Why Samsung Is Rooting for Amazon's Fire Phone...and Google Hopes It Fails
Amazon.com announced the Fire Phone last week. By now, you've probably heard all about it -- the specs, Firefly, and Dynamic Perspective. What most people aren't focusing on, however, is the OS. The Fire Phone runs a similar OS to Amazon's tablets -- Fire OS -- a forked version of Google's Android.
Samsung is contemplating moving away from Android with its own Android fork, Tizen. Amazon is providing the company, a significantly larger smartphone and tablet manufacturer, a nice market test in the U.S.
If Amazon's Fire Phone sells well, Samsung may accelerate its transition to Tizen.
Amazon's free sample
Amazon has already had a lot of success with Fire OS. During the holiday season last year, Amazon's Kindle Fire tablets accounted for 8% of the market.
It's not so clear that Amazon will be able to take a similar share of the market with the Fire Phone. That doesn't mean its first attempt to break into the smartphone market won't provide valuable information for both Amazon and Samsung.
There are a few things holding Fire Phone sales back. The first is its price. Amazon captured a large part of the tablet market by offering a mid-to-high-end device near cost, undercutting the prices of competitors. The Fire Phone is priced about the same as Samsung's Galaxy S5.
Amazon comes up against subsidized smartphone pricing, which makes even $400 phones free on most carriers in the United States. Amazon isn't going after people that take the free phone, though. They're going after people that spend money, so pricing it at cost makes no sense strategically for Amazon.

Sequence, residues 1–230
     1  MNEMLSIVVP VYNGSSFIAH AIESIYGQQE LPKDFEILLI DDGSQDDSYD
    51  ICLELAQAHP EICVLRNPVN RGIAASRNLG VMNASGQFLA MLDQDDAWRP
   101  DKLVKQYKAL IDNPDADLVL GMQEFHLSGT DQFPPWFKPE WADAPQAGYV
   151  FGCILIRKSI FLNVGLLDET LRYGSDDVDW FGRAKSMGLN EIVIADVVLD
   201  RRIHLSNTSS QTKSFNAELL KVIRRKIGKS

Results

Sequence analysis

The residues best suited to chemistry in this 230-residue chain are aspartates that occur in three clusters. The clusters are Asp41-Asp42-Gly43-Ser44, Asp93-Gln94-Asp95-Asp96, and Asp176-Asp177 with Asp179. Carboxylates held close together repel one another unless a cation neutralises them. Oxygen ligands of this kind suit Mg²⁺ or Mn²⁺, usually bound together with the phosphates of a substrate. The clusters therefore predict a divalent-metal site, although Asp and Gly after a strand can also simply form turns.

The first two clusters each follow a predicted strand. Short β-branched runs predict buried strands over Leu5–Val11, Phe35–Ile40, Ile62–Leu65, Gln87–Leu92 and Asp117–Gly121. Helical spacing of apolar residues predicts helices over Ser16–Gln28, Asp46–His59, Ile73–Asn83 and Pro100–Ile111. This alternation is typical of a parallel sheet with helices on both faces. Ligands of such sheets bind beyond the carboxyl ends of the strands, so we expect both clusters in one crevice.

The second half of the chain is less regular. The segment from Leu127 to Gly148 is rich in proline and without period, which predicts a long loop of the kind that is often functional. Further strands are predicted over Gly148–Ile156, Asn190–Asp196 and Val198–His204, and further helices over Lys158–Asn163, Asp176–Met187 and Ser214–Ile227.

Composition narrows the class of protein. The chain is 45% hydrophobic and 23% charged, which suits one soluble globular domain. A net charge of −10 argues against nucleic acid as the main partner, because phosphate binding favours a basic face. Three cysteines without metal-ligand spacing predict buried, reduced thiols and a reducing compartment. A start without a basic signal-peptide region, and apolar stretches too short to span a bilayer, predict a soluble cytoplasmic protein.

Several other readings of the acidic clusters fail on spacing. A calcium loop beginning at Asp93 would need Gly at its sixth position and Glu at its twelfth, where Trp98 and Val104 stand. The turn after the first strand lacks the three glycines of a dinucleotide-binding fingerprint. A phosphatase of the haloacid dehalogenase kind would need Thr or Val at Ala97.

At the same time, Amazon is limiting itself to AT&T subscribers. Indeed, the way Amazon is positioning the Fire Phone looks like it's just testing the waters. Compared to Samsung's phones, which are available on all four major carriers in the U.S. and in over 125 countries, the Fire Phone doesn't represent much of a threat to sales.
Samsung's position as the largest smartphone vendor in the world is likely to remain unchanged, even if the Fire Phone is a smashing success.
Samsung can't get rid of Google
Samsung is stuck with Google. Although Android is open source, in order to use Google's apps and APIs like Maps and the Play Store, a smartphone OEM must abide by Google's rules.
Samsung agreed to terms with Google earlier this year to cross-license patents. Among the terms was an agreement that Samsung would tone down its TouchWiz UI, and feature Google's apps more prominently. This might have thrown a wrench in Samsung's plans to ditch Android for Tizen, using TouchWiz to mask the transition.
Samsung is still hard at work on Tizen, and it plans to release a high-end Tizen phone in Russia this quarter. Still, Samsung seems to be a long way from launching Tizen in the U.S.
How Fire OS can change the game
If Amazon can show even a modicum of success with the Fire Phone, it gives Samsung a benchmark for what it needs with Tizen in order to succeed. Fire Phone doesn't have Google maps (it uses Nokia's HERE maps). Nor does it support Google's Play Store. Amazon's app store currently has 240,000 apps. Comparatively, the Play Store has 1.5 million apps.
App support is likely the biggest limiting factor for Tizen and Fire. Amazon's sales will show Samsung if 240,000 apps is enough to support sales of the device in the U.S. Samsung is offering hefty incentives for developers to port Android apps to Tizen, but its portfolio of apps remains relatively minuscule.
If Amazon succeeds with just one-sixth the apps of Google Play and no Google Maps API, Samsung should be able to succeed just the same considering it's already immensely popular in the smartphone market.
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The article Why Samsung Is Rooting for Amazon's Fire Phone...and Google Hopes It Fails originally appeared on Fool.com.Adam Levy owns shares of Amazon.com. The Motley Fool recommends Amazon.com and Google (C shares). The Motley Fool owns shares of Amazon.com and Google (C shares). Try any of our Foolish newsletter services free for 30 days. We Fools may not all hold the same opinions, but we all believe that considering a diverse range of insights makes us better investors. The Motley Fool has a disclosure policy.
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